XGen from Walt Disney Studios and Python scripting highlight new features being added for subscription customers.
Next month Autodesk will roll out an update for subscription users of Maya 2014 and 3ds Max 2014. Normally we don’t make news items out of such updates, but the technology being added to these two particular updates will be of immediate use to a large portion of Maya and Max users.
The Maya 2014 extension will bring more technology from the 2012 license agreement between Autodesk and Walt Disney Pictures, in the form of the XGen Arbitrary Primitive Generator. XGen allows for a more art-directed approach to computer generation of hair, fur, feathers, and foliage. Autodesk made the deal in 2011; Disney remains the primary developer of the technology, while Autodesk forges the implementation inside Maya.
XGen technology was first presented at Siggraph 2003 as a research paper. Disney went on to use the technology in seven feature animations and other projects. The most noticeable use of the technology was in creating Rapunzel’s gorgeous hair in Tangled. Disney describes XGen as “a comprehensive system for generating arbitrary primitives on a surface.” In striking the deal with Disney, Autodesk said in 2011 that it was making “studio-quality tools accessible to our industry’s smaller players.”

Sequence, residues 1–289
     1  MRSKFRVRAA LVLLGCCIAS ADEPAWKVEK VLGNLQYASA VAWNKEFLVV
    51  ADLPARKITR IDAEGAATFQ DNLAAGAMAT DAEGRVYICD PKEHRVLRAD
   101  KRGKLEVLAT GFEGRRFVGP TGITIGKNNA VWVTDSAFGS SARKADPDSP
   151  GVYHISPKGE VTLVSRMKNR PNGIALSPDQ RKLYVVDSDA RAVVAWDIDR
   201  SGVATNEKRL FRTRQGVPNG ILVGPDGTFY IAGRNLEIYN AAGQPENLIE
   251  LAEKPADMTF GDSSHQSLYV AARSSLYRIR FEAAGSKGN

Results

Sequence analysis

In addition to XGen, Maya subscribers will also receive a new plug-in for support of Bullet Physics, the open-source engine for digital content. A similar plug-in is already part of 3ds Max.
3ds Max 2014 users on subscription will receive new support for the Python scripting language. Artists will be able to execute easy-to-learn Python scripts from MAXScript and the 3ds Max command line; in addition, they will be able to access a subset of the 3ds Max API (application programming interface) from Python scripts, including the ability to evaluate MAXScript code.
The updates will be available for download in early September.
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